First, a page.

The catholic school board’s IT department is *not* smarter than an 8th-grader.

From the department of IT Security 101, courtesy the Peterborough Catholic district School Board, comes this real life lesson of what happens when you don’t tripple check your security. you end up hacked by one of your own students.

John Mackle, education director at the Peterborough Victoria Northumberland and Clarington Catholic District School Board, said the Grade 8 pupil at St. Anne’s School in Peterborough’s north end found his way — via his laptop, a piece of downloaded software and the board’s internal network — into a board file server containing provincewide test results.

“To be honest, I don’t know that he would have understood what he was seeing,” Mackle said.

“The information that he was able to see wouldn’t have made a lot of sense to him.”

Mackle said the incident occurred when the server in question, which isn’t located at the school, was turned back on after undergoing a service upgrade.

“We normally have two levels of security,” Mackle said. “In this case, level 1 was turned back on, but level 2 was not. This allowed the boy to gain access.”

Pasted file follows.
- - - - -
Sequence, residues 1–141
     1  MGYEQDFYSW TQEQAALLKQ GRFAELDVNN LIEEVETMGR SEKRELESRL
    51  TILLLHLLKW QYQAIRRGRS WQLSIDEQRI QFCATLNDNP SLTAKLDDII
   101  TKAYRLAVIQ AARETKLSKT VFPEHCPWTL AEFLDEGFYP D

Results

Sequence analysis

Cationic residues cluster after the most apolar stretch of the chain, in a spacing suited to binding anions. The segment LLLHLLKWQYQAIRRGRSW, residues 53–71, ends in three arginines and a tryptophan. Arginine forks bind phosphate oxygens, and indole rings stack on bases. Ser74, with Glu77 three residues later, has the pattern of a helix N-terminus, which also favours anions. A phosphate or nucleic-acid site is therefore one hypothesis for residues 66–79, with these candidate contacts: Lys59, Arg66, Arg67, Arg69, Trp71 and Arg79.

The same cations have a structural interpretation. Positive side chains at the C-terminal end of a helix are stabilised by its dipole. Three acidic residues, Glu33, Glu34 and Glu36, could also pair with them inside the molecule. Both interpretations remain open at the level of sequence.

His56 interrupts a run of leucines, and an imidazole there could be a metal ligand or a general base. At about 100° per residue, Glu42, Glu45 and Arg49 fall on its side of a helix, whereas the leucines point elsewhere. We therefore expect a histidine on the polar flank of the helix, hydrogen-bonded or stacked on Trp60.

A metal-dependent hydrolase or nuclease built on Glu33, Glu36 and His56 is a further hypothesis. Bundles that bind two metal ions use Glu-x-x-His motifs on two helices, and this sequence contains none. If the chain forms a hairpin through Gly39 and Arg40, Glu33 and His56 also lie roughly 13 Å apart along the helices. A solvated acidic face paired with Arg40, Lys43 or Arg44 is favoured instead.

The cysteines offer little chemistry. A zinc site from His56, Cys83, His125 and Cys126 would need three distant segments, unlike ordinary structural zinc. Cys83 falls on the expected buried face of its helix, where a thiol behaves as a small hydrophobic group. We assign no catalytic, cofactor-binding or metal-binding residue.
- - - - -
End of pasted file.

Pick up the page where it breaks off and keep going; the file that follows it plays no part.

Security for all servers has been upgraded in the wake of the incident, he added.

By “upgraded”, does he mean “reenabled”? And, really, just what kind of security do they over at the Peterborough school board consider to be level 1? Inquiring minds want to know. If the system was secured, the kid shouldn’t have been able to access it. On second thought, I’ve come to understand the school board’s definition of secured and the rest of the world’s definition are usually two pretty different things. If given enough time to work at it, most school board security systems–at least up here–could probably be compromised with a minimal amount of effort, if someone with a problem with that school or the board really wanted to.

Let this be a lesson for aspiring IT people. Secure your shit. Twice. And for the love of chese, if you’ve got a system installed, tripple check that it comes up when the server you’re trying to protect does. I should not have to point that out.

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